Wednesday, April 06, 2011

Chateau du Bosc - the Family Home of Henri Toulouse Lautrec

It was a mid-morning start and the sun was yet to shine as we drove out of Albi towards the family home of Henri Toulouse Lautrec. It was maybe no more than an hours drive but we managed to make it much longer by not knowing exactly where Chateau du Bosc was located. That didn't stop us from having a most delightful day with a few unforgetable experiences along the way to our destination.

The family with Henri to the left under the yellow arrow.

Chateau du Bosc - the family home of Henri Toulouse Lautrec.

We arrived after lunch at the family home of Henri Toulouse Lautrec and that in itself was a story to be told. We turned left on the highway instead of right and crossed a railway at Naucelle Gare and up a country lane to enter a quiet village at midday and of course nothing was open except the local eatery. The village was Naucelle. We wandered around for a little while taking in the architecture and atmosphere of this sleepy little hollow. I'm so disappointed that my photos of the village have gone missing because it was such a delight. I even found a building that seem to be the club rooms of the local Velo Club. (these photos have been stolen from Google photos - apologies and thanks to those who took them).

Naucelle Eglise
 Hunger was setting in so we looked for the local eatery that we saw on entering the village. The local workers were sitting around tables covered in white paper. Jugs of wine and locally baked bread sat on the tables. It was some a set menu as everyone seemed to be eating whatever was brought to the table.

The first course was calves head. It was truly disgusting. Very fatty, gelatinous lumps sitting limply on the plate. I had a go, but struggled. Leon managed. I was looking forward to the delicious looking casserole I could see arriving at each table, steaming hot and full of carrots and pork. But..we were served steak. Nice steak, but just steak nevertheless. A great potato dish came with it, but I think they thought we needed feeding up as there was a huge bowl of it, and they were concerned when it wasn't finished. Not sure why we got steak as casserole continued to come out all around us. This was a tiny village and all the other patrons in the restaurant were wearing high vis vests. I'm not sure whether they thought they were doing us a favour or not. It was funny, because when we were sat down, they immediately whisked the bread from the table next to us to put on our table, much to the indignation of the men at that table. Not enough French to ask, and no English at all there.
Yummy cheeses followed and then there was apple tart, but we had already had so much that we gave that a miss. We were just starting to learn the lesson that for a good meal, follow the local workers! (But avoid the calves head!) (Sue)

As we finished eating we walked from the dining room through to the bar when we asked if any one knew where we could find Chateau du Bosc. A friendly farmer enjoying a glass of wine said he lived nearby and if we wished to wait a little while, he would take us there.
After some time he emerged from the cafe/bar and waved to us to follow his dilapidated Citroen van. Trying to keep up, he finally waved us on pointing to the direction of Chateau du Bosc.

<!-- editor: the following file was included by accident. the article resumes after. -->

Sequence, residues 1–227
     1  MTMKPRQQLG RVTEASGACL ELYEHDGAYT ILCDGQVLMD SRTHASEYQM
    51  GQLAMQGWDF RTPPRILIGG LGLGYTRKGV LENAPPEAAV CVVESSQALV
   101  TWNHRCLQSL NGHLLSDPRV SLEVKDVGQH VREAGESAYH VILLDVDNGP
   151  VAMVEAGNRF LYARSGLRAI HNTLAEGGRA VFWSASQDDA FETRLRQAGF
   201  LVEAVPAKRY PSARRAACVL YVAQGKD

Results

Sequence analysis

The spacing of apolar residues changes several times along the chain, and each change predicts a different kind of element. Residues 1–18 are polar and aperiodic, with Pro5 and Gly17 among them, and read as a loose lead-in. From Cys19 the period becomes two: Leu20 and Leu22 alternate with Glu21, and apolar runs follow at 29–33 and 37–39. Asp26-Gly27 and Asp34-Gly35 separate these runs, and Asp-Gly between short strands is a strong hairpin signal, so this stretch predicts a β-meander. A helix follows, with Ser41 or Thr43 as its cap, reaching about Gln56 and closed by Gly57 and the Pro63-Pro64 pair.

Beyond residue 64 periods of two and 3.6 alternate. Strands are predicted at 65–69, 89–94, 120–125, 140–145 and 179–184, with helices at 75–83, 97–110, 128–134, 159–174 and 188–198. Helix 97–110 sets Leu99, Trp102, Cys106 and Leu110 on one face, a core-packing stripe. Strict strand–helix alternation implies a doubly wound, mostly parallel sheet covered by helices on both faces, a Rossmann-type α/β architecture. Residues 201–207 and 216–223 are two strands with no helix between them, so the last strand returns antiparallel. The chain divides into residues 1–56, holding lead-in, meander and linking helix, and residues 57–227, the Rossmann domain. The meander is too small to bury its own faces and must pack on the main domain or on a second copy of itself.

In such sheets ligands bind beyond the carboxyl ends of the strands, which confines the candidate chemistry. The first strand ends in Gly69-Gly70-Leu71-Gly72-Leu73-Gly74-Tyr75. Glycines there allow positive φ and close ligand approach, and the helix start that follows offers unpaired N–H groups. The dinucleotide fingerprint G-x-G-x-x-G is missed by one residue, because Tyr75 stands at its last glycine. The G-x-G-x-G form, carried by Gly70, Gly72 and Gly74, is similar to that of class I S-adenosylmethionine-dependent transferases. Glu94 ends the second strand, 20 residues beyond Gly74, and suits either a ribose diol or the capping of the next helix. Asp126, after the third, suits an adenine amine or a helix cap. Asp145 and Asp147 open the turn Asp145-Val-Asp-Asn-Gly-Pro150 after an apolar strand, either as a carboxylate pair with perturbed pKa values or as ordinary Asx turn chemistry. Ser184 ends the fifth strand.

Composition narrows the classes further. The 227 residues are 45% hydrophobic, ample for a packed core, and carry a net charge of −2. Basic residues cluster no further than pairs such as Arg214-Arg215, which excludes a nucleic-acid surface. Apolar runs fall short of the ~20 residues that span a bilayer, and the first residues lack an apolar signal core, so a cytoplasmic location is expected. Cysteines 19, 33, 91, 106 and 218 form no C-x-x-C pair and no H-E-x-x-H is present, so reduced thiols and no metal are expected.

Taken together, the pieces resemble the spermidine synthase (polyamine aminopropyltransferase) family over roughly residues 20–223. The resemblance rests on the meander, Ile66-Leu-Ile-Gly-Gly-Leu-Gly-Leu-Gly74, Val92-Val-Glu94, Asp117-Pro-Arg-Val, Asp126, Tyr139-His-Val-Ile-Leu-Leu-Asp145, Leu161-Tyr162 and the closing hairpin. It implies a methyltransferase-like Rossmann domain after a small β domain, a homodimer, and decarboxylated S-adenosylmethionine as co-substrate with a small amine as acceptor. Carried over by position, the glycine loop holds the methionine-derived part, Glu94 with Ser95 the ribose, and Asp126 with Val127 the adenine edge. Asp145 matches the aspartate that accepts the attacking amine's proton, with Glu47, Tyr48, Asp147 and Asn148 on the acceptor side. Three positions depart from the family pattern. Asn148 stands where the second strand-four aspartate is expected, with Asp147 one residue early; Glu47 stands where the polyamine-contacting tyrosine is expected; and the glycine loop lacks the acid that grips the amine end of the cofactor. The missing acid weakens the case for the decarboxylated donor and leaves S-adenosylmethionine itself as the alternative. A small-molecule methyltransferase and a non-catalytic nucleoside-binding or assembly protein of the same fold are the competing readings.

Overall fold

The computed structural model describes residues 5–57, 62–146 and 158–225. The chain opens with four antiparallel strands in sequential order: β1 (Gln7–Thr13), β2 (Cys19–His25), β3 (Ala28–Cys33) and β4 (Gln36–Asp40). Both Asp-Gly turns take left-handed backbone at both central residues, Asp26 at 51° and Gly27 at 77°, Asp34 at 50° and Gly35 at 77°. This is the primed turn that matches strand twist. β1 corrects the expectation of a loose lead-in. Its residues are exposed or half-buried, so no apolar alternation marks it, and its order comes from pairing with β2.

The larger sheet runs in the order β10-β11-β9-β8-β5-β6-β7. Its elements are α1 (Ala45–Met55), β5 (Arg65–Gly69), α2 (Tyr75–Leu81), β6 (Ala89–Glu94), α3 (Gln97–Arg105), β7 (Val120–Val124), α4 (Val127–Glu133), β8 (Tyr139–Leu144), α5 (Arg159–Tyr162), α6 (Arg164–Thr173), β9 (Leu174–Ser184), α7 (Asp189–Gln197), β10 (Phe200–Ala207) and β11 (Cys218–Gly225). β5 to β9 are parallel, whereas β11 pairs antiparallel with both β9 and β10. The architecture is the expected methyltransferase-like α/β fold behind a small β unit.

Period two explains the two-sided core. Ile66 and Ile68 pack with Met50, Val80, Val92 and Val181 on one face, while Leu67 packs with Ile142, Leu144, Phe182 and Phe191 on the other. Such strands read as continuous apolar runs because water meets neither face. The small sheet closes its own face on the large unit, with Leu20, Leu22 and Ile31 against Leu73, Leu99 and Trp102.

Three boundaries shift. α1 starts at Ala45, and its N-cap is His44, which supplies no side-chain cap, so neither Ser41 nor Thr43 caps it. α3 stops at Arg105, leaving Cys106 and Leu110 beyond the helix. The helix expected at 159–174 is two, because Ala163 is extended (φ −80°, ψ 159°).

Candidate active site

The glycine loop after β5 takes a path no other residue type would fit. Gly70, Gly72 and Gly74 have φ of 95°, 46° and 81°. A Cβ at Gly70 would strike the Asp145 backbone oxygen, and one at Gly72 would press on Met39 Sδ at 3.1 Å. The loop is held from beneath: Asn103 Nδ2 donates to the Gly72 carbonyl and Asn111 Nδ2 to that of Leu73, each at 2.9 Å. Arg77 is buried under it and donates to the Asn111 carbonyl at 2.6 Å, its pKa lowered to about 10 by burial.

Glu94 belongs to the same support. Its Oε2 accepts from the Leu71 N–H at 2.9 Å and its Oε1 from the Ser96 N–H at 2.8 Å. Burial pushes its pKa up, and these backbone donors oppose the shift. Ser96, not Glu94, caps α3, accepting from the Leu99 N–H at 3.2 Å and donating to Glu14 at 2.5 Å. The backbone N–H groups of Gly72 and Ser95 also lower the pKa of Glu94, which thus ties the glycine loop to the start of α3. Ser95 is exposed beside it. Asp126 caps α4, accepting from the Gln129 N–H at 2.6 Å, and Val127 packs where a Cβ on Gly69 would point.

The eldest of Toulouse Lautrec's first cousins Raoul Tapie de Celeyran (1868 - 1937) inherited Chateau du Bosc and it his grand daughter Nicole Tapie de Celeyran who welcomes you at le Bosc.

Welcomed is an interesting choice of words. Grabbed and dragged would be more accurate. Lucky that it's what we wanted to do because we didn't have a lot of say in the matter.
Because the chateau is still lived in by the family, a tour is the only way to go through. Which is fine. It was interesting to see not just the state rooms, roped off and displaying wonderful and priceless heirlooms, but also the family eating areas and get a whiff of their lunch. It gave a feeling of continuity with the knowledge that the same family lives there and lives with their history in a very tangible way. If that makes sense.  (Sue)

Looking in towards the courtyard and stables.
As we drove into the property it had a lived in feeling needing a touch (or more) of TLC. 
We parked and walked towards what you might call a castle and were greeted by an elderly woman in a "dryzabone" coat and gum boots. Little did we know at the time that it was the current owner of Chateau du Bosc. She ushered us towards the entrance like a Kelpie dog rounding up sheep. There was another group, all non-English speaking tourists about to take the next tour. We joined them not knowing the procedure. The tour was all in French and one or two of the group continually asked questions making the tour a long drawn out experience for us. I'm sure if we understood the language, we would have found it most informative.

It had been a long day and we were looking forward to returning to our hotel to freshen up before dinner at a cosy restauraunt just around the corner. We had another day before taking off to the next leg of our journey towards the Dordogne for a week. This would take a few more days with a couple of interesting interludes along the way.


  1. Great post, but so far I have not been served calves head! Will let you know if that happens to me :-( Diane

  2. No need to rush the experience Diane.

  3. What a great post. I can almost smell your lunch and hear the endless drone of the French tour guide.

    What a wonderful day you had. We have also had many a scary lunch and several similar guided tours - following the owner around like shy little dogs !!

  4. Jean,
    Your comments made me giggle (knowingly).


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